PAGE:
My work is talking to business people. Sometimes I hire them. Sometimes they hire me. Sometimes we are peers meeting on a collaborative project or being a support team for one another. The more business people I work with, the more I realize that deal breakers often hinge on how you show up. Here are five areas that can kill a business deal regardless of the product, service or price.
We’d like to believe people pay more attention to what we do or say than how we look. However, people believe what they see far more than what they hear.
Everyone has a different definition of what “on time” means; however, few business people accept a 2:15 arrival as being on time for a 2:00 meeting. Calling 10 minutes before your appointment to let the other person know that you will be on time or are stuck in traffic is more professional than apologizing for being late. Many businesspeople plan to arrive 15 minutes earlier than scheduled to eliminate traffic concerns.
We’d like to believe people pay more attention to what we do or say than how we look. However, people believe what they see far more than what they hear. Deals can fail for a number of seemingly petty reasons such as unpolished shoes, unkempt hair or inappropriate dress. Most business people see attention to a professional appearance as a reflection of your attention to details in a job. Having a dress code for your employees is a basic component of your business brand.Dressing well on a reasonable budget is one of the easiest areas to get expert help. There are many superb books on this subject published each year. Finding a qualified and unbiased advisor takes some research. Ask the most stylish person you know how they learned to be so well dressed. That can lead to a great discussion and access to their advisors.
Body language gives away your attitude even before you say a word. Slouching and scuffing your feet send a negative message in a business environment. Walking quickly with good posture and offering a firm handshake while looking the person in the eye sends a very different message. If you expect an important call, warn the other party up-front and make it the exception. Unless you are a transplant surgeon, the world will probably survive 60 minutes until you can get to your voice mail.Several months ago, I wrote about having a CAN – DO ATTITUDE. I remind you that it is the single most critical trait for helping people learn to trust you and for getting things done. It also makes you a lot more enjoyable to work with!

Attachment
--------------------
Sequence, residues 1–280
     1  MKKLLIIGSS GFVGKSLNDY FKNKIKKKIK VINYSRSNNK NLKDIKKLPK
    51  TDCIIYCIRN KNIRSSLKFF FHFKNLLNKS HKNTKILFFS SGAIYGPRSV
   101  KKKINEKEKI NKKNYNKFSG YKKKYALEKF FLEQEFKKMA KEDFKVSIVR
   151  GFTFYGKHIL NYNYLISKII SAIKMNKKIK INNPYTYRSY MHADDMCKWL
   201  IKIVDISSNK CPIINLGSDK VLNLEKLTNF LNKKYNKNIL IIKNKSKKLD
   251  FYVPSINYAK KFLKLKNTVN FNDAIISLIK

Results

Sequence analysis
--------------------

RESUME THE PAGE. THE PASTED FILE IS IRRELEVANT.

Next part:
In a recent article about U.N. Ambassador Susan Rice, one of her colleagues said, “You’ve got to be cognizant of the fact that when Susan Rice is present she’s going to be the most prepared, the most clear-thinking person in the room. So don’t come in the room unless you’ve done your homework.” Showing up unprepared and planning to “wing it” is a waste of your time and an insult to the other party. Most of us are too busy to be patient with time-wasters. We quickly drop them from our contacts. We don’t refer business to them and they get a reputation for being poor business people. Showing up prepared isn’t difficult. – Have a notebook and a pen with you – always! A small pen and notebook will fit even in the smallest purse.- Have business cards with you – always! You never know when you are going to have a great opportunity to solve someone’s business problem with your special product or service.- Know ahead of time how long the meeting will last and be sensitive to the other person’s time.- Have the other person’s name, phone numbers and business information with you so you can contact them easily on the way to the meeting if necessary.- Be clear on why you are meeting. If the other person simply wants to get to know you better and you come in with a sales proposal, both of you will be frustrated.- If it is a sales opportunity, what are the parameters and are you meeting with the decision-maker? Always showing up at your best demonstrates respect for others and for yourself.
“Casualness leads to casualties” – Jim Rohn